Should the MLB improve the stadium's safety net

Woman hit by ball, daughter accuses: club and league sweep death under the carpet

It happened in the last inning on August 25, 2018, when Linda Goldbloom attended the Los Angeles Dodgers' home game against the San Diego Padres in the US professional baseball MLB. It should be her last. Four days later, the 79-year-old died of her head injury. A baseball, a so-called & # ff7ddd; foulball & # ff7ddf ;, had flown towards the stands and hit them hard. She was in Section 106, Row C, Seat 5 - a few yards from the edge of the field.

Her daughter, Jana Brody, still compares the ball to a cartridge that was fired from a firearm. And she warns: & # ff7ddd; I would like higher networks! & # Ff7ddf; She also told the & # ff7ddd; New York Times & # ff7ddd;: If the ball is already in descent, the spectator can still cope with it or even avoid it. But where my mother was sitting there was no chance to react. It was a shot. & # Ff7ddf;

Foulball not seen on TV

Brody wasn't there against the Padres. She also stopped visiting the stadium in the following games. The pain of losing her mother was just too great, baseball wasn't important enough. But as the weeks and months passed after the beloved mother's death, she was amazed that no one reported the incident. No TV picture had captured the fatal foul ball, the club had not made the accident public. The league was also silent, no media representative followed the fate of Linda Goldbloom. The family itself did not go to the press either.

But when Brody was researching fan injuries in baseball, she found an article that said there had been only one foul ball death in baseball. In 1970 a 14-year-old boy died - also at Dodger Stadium. She contacted the author, ESPN journalist Willie Weinbaum, to inform them that there had been a second case. & # ff7ddd; Only then did I realize that it is our responsibility to tell the whole story to the public. & # ff7ddf;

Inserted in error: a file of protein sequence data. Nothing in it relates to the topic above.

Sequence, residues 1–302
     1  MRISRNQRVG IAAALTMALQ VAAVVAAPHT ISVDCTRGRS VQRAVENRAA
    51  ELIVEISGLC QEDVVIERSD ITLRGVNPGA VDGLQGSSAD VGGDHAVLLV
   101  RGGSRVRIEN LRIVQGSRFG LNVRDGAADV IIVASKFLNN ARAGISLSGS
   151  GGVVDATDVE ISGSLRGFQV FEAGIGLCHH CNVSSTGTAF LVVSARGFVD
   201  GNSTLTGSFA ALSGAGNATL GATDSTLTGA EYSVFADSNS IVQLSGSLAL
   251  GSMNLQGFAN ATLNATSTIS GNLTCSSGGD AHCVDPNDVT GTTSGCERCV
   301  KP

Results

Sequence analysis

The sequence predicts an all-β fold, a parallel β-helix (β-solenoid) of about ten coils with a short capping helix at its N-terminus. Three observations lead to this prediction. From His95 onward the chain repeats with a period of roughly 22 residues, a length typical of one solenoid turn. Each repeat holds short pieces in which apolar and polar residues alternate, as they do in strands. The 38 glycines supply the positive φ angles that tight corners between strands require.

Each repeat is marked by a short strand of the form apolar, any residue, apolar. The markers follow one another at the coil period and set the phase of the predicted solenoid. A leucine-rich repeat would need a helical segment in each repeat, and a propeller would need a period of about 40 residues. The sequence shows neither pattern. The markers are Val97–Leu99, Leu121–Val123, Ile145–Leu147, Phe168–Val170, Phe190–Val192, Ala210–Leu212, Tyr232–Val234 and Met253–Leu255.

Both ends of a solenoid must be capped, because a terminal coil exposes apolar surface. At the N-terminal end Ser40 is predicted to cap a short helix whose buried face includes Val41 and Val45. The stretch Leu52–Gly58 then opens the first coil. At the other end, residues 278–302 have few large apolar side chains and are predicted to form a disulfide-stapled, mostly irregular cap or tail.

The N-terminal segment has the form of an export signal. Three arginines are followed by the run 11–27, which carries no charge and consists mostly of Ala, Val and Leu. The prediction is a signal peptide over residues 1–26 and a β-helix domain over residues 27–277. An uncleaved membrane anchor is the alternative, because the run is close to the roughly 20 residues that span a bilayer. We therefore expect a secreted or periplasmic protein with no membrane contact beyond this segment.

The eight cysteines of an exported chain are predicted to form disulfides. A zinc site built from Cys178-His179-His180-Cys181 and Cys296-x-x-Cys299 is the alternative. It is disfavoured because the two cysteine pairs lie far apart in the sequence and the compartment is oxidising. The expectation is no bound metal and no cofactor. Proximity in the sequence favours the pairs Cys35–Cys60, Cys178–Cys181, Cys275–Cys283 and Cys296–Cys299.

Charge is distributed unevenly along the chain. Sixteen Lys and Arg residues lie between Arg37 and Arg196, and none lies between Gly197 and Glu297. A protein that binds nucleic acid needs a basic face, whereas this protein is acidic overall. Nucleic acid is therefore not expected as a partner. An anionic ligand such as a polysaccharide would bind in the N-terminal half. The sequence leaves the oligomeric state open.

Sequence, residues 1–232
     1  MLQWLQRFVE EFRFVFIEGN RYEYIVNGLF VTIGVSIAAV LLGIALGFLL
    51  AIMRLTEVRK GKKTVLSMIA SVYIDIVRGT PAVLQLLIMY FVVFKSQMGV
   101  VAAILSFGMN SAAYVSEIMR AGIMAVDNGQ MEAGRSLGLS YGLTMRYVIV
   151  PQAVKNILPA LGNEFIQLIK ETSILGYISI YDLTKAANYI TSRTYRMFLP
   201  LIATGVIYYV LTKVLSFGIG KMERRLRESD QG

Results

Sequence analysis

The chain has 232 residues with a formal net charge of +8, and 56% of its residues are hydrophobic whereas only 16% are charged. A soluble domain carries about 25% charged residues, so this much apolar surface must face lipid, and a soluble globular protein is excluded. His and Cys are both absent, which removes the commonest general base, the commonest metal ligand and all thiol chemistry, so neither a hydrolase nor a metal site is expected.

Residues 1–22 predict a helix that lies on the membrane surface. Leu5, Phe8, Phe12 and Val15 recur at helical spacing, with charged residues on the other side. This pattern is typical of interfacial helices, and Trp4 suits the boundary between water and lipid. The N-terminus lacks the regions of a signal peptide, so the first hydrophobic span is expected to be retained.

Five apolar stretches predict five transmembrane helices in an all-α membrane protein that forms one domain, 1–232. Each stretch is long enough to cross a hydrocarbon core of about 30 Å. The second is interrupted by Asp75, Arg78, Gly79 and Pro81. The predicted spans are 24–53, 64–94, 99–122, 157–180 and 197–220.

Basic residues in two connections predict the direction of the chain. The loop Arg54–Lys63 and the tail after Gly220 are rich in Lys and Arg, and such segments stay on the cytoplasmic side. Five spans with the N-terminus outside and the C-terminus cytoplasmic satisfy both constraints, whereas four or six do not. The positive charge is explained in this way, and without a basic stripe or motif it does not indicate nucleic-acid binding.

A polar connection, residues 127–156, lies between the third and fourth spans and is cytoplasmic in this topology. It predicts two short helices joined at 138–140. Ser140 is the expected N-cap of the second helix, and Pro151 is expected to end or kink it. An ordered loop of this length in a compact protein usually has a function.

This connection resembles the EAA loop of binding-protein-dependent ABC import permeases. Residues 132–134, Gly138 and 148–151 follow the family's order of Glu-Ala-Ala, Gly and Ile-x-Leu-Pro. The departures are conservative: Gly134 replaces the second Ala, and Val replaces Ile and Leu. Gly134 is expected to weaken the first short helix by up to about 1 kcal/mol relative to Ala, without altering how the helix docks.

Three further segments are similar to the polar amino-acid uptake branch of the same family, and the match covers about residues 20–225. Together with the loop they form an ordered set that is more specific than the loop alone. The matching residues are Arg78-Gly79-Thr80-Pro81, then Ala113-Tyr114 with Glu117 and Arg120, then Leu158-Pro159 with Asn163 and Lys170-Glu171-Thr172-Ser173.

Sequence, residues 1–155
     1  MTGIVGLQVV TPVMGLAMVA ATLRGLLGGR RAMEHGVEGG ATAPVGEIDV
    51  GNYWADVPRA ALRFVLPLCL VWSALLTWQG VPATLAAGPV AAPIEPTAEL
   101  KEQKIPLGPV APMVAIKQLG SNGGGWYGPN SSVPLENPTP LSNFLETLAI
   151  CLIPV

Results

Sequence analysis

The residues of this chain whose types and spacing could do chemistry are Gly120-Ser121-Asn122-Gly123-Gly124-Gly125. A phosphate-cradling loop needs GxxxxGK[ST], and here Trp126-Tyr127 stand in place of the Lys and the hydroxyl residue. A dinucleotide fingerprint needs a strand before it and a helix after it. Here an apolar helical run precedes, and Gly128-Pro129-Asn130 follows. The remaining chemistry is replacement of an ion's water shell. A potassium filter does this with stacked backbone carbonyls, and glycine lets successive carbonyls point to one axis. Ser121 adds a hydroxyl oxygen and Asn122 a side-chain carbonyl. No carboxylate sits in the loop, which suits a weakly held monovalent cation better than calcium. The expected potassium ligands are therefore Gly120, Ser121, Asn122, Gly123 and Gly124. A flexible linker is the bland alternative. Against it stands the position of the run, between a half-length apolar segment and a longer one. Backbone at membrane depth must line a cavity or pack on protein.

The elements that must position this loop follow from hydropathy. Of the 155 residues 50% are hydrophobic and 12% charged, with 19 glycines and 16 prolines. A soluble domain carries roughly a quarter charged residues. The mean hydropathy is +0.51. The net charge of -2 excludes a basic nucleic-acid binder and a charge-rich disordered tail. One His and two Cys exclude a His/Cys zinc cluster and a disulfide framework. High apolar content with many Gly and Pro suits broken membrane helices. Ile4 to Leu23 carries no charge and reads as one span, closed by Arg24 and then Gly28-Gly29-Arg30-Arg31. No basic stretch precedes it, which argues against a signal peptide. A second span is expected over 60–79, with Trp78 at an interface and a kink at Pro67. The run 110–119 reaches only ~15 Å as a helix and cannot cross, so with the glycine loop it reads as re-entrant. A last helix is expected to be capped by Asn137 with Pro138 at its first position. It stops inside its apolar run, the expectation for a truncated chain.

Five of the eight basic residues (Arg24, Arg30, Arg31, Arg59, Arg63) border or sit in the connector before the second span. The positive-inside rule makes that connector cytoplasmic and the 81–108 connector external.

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She wanted it not to happen again. And that's why she contacted the Dodgers. Your wish: an expansion of the networks. Joe Jareck, the club's press secretary, commented on the request that the problem was resolved. The club would not make any statements about accidents at Dodger Stadium in order to protect the family's privacy.

MLB wants to keep stadiums fan-friendly

The MLB is also keeping a low profile. One is sad about the death of Goldbloom. The aim is always to improve the safety for the audience. They want the stadiums to be & # ff7ddd; fan-friendly & # ff7ddf; hold.

Time and again, spectators in US baseball are injured by flying balls. Safety nets at all American baseball stadiums have been enlarged since Goldbloom's death. Still, Brody is not satisfied. The nets have been widened, but not increased.

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